Expert: Impending wolf suit could stick
Conservation groups have history working in their favor, independent attorney says.
By Mike Koshmrl, Jackson Hole, Wyo.
September 12, 2012
A threat to genetic diversity and legal precedent could undermine a decision to give Wyoming control of its wolf population, a Vermont Law School professor says.
As expected, on Monday environmental groups filed a notice of intent to sue the U.S. Fish and Wildlife Service for lifting wolf protections and opening the way for a hunt in Wyoming. Earthjustice, which has won a Wyoming wolf lawsuit in the past, remains dissatisfied with the Wyoming plan to manage wolves as predators in 85 percent of state when federal protections end Sept. 30.
The predator classification will allow anyone to kill wolves at any time by any means, no license required.
In a trophy-game area in northwest Wyoming, a hunt capped at 52 animals will begin Oct. 1.
A third area south of Jackson Hole is a trophy-game zone from Oct. 1 to the last day in February and a predator zone the rest of the year.
Because of Wyoming’s “stubborn” commitment to the predator zone plan, the lawsuit will make a “really strong argument,” said Pat Parenteau, an attorney who specializes in Endangered Species Act law.
“There are a couple things about this decision that give Earthjustice a strong hand to play,” said Parenteau, who also teaches at Vermont Law School’s Environmental Law Center. “One is that the U.S. Fish and Wildlife Service itself made some very critical comments about the lack of genetic diversity in the population.
Same as 2003 plan
“The second thing is this Wyoming plan is really no different than the 2003 plan that Fish and Wildlife trashed,” he said. “It’s fundamentally not that different.”
The 61-page notice released by Earthjustice includes a four-point rationale for the challenge.
“Because wolves in the northern Rockies, particularly those in Wyoming, are endangered by future inadequate genetic exchange, FWS’s decision to delist Wyoming wolves is arbitrary, capricious and contrary to the best available science,” the document states.
The first contention in the notice says that wolf numbers northern Rocky Mountain states are required to maintain — in Wyoming, 10 breeding pairs and 100 wolves outside Yellowstone National Park and the Wind River Reservation — are too low to constitute a recovered population.
The second contention is that Wyoming’s management plan doesn’t adequately limit the mortality of dispersing wolves. Earthjustice’s managing attorney, Tim Preso, spoke to that point.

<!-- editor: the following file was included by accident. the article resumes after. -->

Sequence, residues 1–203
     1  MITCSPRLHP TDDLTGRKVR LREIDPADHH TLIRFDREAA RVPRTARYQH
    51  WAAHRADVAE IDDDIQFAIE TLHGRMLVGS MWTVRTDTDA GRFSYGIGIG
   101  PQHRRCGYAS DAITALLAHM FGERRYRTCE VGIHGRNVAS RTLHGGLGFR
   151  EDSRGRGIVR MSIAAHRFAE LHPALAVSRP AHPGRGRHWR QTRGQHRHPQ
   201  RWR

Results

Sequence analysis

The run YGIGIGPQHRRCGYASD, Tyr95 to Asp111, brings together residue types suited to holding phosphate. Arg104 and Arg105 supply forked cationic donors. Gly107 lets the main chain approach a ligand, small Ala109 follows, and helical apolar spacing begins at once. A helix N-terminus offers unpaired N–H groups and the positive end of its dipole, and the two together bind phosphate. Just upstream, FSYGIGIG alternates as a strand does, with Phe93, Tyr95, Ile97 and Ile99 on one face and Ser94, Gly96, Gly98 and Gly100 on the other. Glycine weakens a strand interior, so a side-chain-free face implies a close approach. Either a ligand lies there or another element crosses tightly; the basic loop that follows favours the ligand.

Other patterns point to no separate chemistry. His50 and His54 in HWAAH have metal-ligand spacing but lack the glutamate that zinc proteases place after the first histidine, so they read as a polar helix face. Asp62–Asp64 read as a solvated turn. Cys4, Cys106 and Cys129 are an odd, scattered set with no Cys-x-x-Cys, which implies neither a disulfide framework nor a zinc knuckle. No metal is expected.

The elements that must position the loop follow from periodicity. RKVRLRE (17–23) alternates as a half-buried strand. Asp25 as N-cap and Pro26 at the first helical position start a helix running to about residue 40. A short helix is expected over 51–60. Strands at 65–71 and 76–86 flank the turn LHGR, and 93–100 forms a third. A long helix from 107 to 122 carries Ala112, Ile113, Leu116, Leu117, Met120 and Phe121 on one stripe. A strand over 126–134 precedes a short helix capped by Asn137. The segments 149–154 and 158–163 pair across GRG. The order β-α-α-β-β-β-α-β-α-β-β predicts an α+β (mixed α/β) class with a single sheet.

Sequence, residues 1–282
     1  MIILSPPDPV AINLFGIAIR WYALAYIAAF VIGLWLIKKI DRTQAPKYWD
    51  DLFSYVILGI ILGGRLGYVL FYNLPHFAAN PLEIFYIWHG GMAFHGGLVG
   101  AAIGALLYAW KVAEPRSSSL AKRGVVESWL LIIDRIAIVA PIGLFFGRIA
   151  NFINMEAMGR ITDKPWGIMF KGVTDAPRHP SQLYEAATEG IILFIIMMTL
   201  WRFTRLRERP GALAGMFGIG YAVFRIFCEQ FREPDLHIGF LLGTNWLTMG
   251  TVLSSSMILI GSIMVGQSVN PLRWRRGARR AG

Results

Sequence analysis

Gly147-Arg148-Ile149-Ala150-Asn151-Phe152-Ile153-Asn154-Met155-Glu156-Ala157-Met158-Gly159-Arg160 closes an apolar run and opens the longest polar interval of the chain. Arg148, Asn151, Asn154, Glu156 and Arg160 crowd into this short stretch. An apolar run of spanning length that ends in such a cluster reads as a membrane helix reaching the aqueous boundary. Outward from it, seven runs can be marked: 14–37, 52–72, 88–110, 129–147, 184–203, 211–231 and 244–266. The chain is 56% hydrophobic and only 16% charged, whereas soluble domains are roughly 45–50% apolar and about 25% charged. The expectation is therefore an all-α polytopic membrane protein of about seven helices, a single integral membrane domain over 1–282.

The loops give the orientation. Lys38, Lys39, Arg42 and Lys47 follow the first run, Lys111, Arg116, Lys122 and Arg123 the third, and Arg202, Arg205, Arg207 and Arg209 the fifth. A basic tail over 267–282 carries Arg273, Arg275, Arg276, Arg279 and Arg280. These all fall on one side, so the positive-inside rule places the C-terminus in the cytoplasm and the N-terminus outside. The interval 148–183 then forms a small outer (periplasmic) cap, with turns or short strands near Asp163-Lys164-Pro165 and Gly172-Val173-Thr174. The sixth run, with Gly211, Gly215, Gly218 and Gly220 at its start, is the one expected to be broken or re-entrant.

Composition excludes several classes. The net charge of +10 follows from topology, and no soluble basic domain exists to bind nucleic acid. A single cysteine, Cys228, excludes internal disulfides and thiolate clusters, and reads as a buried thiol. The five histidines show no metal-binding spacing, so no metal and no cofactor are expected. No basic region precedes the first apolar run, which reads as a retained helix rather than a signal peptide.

“Any wolf trying to come around the south end of the Tetons is going to walk into the free-fire zone more than half the year,” Preso said. “Wolves typically take about five months to make that kind of dispersal.”
The third claim in the notice is that the Fish and Wildlife Service’s safeguard for preventing inbreeding — the goal of achieving one effective migrant per generation — is not adequate.
Last, Earthjustice contends the agency’s use of “human-assisted” genetic exchange is inconsistent with the definition of a recovered species under the Endangered Species Act.
Preso and Earthjustice attorney Jenny Harbine wouldn’t say where the lawsuit will be filed.
Parenteau was eager to take a guess, though.
Go to Malloy
“I know what they’re going to do,” he said. “They’re going to go to Malloy if they can get there. The law says the plaintiffs have their choice of forum.”
Donald Malloy, a federal district court judge in Montana, has a record of pro-wolf decisions. In August 2010, he ordered the reinstatement of Endangered Species Act protections in Idaho and Montana.
“I think they’ll go for an injunction,” Parenteau said. “That’s what they want to do to impress upon the court just how vulnerable these populations are and how dangerous this decision is. I can already hear what they’re going to say: ‘It took all these years to recover these populations to the point where they’re having a meaningful affect on the ecosystem, and you’re going to ruin the whole thing.’”
At least one Wyoming hunter thinks the conservation groups might succeed in halting the wolf hunt.
Glenn Taylor, a big-game outfitter in Kelly, told the News&Guide in August that he hesitates to offer wolf hunts to clients because of the possibility of litigation.
“There may be a judge that steps in any minute between now and Oct. 1,” Taylor said. “It’s wait-and-see at this point.”
The earliest an injunction could happen is Nov. 9. Rules require waiting 60 days after the filing of an intent-to-sue notice before legal action can proceed, Harbine said.
That means Wyoming hunters will have about six weeks to bag their wolf after Endangered Species Act protection ends Sept. 30.